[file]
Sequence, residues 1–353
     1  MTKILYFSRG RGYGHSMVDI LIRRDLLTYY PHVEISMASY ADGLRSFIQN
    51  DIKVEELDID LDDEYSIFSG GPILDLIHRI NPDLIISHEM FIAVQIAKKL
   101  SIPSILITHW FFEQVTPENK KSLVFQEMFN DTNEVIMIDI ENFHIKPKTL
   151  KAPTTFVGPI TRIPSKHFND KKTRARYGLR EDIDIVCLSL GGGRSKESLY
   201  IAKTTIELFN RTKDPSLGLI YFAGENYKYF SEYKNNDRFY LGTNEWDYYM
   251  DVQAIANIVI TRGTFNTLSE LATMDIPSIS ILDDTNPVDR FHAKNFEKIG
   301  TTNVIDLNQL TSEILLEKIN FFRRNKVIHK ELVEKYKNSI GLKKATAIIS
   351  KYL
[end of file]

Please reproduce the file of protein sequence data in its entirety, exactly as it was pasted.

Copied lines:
Sequence, residues 1–353
     1  MTKILYFSRG RGYGHSMVDI LIRRDLLTYY PHVEISMASY ADGLRSFIQN
    51  DIKVEELDID LDDEYSIFSG GPILDLIHRI NPDLIISHEM FIAVQIAKKL
   101  SIPSILITHW FFEQVTPENK KSLVFQEMFN DTNEVIMIDI ENFHIKPKTL
   151  KAPTTFVGPI TRIPSKHFND KKTRARYGLR EDIDIVCLSL GGGRSKESLY
   201  IAKTTIELFN RTKDPSLGLI YFAGENYKYF SEYKNNDRFY LGTNEWDYYM
   251  DVQAIANIVI TRGTFNTLSE LATMDIPSIS ILDDTNPVDR FHAKNFEKIG
   301  TTNVIDLNQL TSEILLEKIN FFRRNKVIHK ELVEKYKNSI GLKKATAIIS
   351  KYL